The volcanic activity also formed the 240-foot high littoral cone known as Pu‘uhou (“New hill”[ii]). In 1877 lava from Mauna Loa’s summit crater flowed through the Kona district and into the sea near Ka‘awaloa.

Mauna Loa Volcano is the most massive mountain on Earth, rising 13,677 feet above sea level, and descending another 18,000 feet below the sea. Mauna Loa’s total size is about 10,000 cubic miles, making it more than 100 times as large as Washington’s Mount Rainier.

In the last 1,100 years, Mauna Loa’s eruptions have poured lava over some 1,000 square miles, which is about half of the volcano’s total land area. Mauna Loa has erupted 37 times since 1832, and 14 times in the last 100 years.

Moku‘āweoweo, the summit caldera of Mauna Loa, is about three miles long, 1½ miles wide, and 600 feet deep, having filled in somewhat from its depth of more than 985 feet in 1794.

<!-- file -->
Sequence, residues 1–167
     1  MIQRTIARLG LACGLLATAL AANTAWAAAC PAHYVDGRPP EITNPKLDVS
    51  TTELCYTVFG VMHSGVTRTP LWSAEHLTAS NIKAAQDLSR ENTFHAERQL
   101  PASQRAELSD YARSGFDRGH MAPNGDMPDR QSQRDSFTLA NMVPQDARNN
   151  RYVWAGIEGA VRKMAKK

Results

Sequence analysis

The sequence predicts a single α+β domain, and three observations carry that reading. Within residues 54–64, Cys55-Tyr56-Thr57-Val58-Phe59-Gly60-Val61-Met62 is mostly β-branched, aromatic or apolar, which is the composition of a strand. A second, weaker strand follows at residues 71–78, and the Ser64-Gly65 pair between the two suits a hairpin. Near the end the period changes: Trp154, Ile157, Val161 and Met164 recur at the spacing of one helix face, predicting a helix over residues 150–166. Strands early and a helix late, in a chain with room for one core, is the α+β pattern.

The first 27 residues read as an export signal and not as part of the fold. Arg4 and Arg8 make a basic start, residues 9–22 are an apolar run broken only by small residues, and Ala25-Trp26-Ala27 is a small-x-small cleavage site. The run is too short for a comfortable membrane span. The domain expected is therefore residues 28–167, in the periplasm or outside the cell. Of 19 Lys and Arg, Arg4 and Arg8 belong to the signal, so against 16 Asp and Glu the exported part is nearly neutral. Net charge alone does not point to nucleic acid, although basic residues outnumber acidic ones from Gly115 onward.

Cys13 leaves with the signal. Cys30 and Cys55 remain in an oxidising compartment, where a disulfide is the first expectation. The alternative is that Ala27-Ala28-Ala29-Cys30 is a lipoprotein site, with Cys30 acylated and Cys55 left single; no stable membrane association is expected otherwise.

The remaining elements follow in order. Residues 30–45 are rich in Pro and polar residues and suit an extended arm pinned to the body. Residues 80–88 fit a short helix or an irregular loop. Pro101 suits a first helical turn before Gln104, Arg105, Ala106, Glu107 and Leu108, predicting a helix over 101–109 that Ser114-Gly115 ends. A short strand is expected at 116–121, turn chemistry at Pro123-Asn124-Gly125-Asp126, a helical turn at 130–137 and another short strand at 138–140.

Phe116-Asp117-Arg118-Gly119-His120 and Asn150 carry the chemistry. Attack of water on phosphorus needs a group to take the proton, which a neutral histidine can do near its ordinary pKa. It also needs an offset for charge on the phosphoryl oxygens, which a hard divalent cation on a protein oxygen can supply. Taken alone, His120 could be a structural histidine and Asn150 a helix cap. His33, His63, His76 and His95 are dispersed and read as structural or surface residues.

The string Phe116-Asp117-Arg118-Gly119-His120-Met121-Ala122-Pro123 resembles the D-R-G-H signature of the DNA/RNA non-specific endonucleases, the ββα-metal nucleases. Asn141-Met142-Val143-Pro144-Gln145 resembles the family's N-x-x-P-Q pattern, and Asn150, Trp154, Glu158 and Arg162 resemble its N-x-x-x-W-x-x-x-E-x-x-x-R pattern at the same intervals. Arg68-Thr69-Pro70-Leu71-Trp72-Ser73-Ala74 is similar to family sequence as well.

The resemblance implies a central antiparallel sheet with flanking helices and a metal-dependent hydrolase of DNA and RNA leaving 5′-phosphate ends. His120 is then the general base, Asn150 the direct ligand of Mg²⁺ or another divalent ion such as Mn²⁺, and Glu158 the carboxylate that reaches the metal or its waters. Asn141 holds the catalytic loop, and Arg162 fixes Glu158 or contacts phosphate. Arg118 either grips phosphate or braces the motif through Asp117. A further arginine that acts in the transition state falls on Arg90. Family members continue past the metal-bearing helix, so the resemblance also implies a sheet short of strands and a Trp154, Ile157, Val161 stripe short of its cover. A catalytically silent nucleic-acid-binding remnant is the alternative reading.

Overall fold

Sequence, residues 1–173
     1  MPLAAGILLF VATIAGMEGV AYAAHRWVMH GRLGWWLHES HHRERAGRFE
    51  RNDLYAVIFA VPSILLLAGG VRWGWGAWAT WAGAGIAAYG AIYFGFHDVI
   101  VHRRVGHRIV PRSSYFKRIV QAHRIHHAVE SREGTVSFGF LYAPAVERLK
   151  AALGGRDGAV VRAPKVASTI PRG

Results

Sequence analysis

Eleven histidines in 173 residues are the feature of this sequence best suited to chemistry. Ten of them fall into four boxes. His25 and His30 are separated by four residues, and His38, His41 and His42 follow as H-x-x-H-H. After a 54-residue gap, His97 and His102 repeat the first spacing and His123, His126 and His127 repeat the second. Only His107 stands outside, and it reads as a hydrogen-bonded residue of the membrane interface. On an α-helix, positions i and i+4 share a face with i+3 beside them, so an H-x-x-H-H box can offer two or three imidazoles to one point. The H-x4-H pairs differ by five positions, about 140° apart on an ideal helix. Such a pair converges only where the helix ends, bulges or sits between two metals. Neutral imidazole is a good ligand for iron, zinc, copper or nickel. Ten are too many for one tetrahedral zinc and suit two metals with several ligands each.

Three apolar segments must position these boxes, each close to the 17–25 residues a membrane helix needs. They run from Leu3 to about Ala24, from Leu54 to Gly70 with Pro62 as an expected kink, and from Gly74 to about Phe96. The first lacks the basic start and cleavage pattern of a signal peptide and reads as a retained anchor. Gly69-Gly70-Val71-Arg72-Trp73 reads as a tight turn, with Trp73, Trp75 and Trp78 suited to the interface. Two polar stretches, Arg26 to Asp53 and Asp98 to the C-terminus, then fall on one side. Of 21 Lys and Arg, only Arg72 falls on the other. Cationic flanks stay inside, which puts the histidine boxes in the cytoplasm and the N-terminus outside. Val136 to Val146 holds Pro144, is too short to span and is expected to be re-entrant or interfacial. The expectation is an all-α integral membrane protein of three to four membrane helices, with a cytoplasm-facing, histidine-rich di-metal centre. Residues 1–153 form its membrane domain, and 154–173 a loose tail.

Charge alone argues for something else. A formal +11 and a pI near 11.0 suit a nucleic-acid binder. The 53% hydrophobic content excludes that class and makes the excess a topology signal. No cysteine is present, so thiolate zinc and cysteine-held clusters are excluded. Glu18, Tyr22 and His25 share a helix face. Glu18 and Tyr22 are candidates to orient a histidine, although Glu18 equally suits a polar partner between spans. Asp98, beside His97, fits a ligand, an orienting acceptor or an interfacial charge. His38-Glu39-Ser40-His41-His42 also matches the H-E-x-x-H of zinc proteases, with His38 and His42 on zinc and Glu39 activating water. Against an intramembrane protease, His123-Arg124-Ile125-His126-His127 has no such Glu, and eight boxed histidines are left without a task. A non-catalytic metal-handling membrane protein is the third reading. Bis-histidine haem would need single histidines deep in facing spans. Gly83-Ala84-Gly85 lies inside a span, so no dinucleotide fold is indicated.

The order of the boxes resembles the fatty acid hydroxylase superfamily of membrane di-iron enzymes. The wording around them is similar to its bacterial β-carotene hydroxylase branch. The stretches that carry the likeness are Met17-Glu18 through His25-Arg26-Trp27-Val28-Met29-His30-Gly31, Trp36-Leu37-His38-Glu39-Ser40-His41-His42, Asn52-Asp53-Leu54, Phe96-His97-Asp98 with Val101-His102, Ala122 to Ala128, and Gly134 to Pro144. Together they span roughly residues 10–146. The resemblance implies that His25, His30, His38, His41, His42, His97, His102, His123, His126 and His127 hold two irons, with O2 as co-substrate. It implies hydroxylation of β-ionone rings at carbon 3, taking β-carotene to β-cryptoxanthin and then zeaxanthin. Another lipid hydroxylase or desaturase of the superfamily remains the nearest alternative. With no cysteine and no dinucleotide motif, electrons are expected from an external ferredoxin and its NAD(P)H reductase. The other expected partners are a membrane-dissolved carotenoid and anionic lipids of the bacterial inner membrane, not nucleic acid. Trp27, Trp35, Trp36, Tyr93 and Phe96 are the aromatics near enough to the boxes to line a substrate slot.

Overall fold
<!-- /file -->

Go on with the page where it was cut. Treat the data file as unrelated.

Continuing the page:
The Wreck of the Steamship West Point

In 1856, the steamship West Point was carrying a cargo of oranges when it wrecked on the rocks in a squall while leaving port at Kōloa, Kaua‘i. This was the first wreck of a steamship in the Hawaiian Islands.

Local Earthquake Causes Landslide and Tsunami

On April 2, 1868, an earthquake estimated to have a magnitude of 7.9 on the Richter scale struck the south end of Hawai‘i Island. The quake caused a giant mudslide that killed hundreds of people and buried a small village, destroying nearly every European-style home in the Ka‘ū district.

The 1868 earthquake also generated what is known as a localized tsunami. Water reportedly surged ashore high enough to cover the tops of coconut trees, at least 60 feet high at some spots along the Ka‘ū coast.

The ancient village of ‘Āpua in Puna on Hawai‘i Island was swept away. The localized tsunami killed 48 people.

The Shipwreck of the U.S.S. Saginaw (1870)